In the aftermath of what's happened in the last few years, we must be aware of changes that might be afoot. It's our responsibility to ourselves. For example, the SEC's published agenda for the November/December 2010 period include discussion of "rules to adjust the threshold for 'qualified client'" for Investment Advisers and "revisions to rules regarding due diligence for the delivery of dividends." Back in September, FINRA released news that it is proposing that "all investors filing arbitration claims [have] the option of having an all-public panel." I hope I never have a need for arbitration, but if I do, FINRA believes this will create a sense of fairness. Traders might get in the habit of checking both the SEC's (with .gov appended to the name) and FINRA's (with .org appended) sites for news that might impact them.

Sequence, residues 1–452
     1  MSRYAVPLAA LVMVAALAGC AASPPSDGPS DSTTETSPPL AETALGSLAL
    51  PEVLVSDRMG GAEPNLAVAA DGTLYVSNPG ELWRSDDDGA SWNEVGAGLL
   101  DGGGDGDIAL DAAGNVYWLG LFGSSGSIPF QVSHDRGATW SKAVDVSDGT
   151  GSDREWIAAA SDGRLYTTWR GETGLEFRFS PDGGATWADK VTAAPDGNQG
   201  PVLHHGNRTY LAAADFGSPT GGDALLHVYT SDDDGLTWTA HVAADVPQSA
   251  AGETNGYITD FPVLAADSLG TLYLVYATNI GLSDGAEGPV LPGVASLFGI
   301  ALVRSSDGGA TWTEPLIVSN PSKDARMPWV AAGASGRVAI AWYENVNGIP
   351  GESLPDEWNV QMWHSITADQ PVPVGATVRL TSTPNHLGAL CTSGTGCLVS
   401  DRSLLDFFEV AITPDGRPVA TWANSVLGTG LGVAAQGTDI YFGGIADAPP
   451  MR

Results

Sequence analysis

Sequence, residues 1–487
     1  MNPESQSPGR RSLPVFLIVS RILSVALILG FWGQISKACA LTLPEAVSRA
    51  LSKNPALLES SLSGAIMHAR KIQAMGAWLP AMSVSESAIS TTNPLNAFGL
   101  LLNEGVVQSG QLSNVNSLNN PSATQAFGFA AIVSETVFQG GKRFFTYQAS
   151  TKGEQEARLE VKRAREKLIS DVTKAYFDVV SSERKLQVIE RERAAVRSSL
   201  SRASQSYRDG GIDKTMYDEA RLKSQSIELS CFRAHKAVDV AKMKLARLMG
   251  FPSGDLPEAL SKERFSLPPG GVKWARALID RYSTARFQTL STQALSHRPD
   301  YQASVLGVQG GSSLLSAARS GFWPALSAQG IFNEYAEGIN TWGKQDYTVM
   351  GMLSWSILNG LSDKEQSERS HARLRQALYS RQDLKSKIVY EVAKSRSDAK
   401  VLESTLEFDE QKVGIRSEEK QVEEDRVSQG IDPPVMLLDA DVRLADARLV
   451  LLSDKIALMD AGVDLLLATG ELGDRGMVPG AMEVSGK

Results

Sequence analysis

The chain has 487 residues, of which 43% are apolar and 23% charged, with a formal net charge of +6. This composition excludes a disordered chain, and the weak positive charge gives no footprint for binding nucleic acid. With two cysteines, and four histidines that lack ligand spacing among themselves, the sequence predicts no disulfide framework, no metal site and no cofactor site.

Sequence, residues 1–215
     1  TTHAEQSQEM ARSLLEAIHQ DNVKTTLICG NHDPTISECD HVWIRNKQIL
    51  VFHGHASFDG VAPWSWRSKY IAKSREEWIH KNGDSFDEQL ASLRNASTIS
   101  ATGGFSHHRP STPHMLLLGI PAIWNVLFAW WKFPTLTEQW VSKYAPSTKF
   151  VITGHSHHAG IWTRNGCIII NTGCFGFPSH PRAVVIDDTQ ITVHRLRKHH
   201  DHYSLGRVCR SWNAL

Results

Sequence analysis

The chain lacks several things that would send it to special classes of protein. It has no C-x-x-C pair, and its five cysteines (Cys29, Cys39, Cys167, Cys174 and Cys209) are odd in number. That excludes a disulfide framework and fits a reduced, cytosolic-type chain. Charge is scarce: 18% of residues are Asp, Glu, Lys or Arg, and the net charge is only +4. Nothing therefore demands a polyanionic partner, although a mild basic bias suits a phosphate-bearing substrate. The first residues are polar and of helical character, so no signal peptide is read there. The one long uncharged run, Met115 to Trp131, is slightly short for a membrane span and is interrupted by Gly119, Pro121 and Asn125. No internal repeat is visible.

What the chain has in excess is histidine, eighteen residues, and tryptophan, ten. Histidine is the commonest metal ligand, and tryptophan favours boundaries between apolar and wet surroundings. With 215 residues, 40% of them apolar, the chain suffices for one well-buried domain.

If I temporarily discard double diagonals, that leaves the iron condor and butterfly as the negative-vega trades up for consideration. Both are likely to be hurt by an expansion in implied volatilities, particularly if that expansion occurs soon after the trade is initiated, before time decay has begun to work. Depending on how the strategy is constructed, the iron condor often has wider expiration breakevens, reflecting the fact that its probability of profit is typically higher than a butterfly's. How does this translate into real-life trading? Unless the markets are unusually cooperative and just sit still for a time, you're more likely to have to adjust a butterfly than you are an iron condor. I've had a few IBM butterflies just work without any need for adjustment, but that's rare, and even my IBM butterflies caused me angst and a loss when IBM took off to the upside a couple of months ago.
If you're the type of trader who doesn't like to go to a lot of trouble and would prefer to just let theta (time decay) work its magic, you may be thinking that your choice is easy: it's the iron condor for you. Wait a minute, though. That's not the whole story and all that should be considered, even for those of us who would prefer trades that we're not adjusting all the time.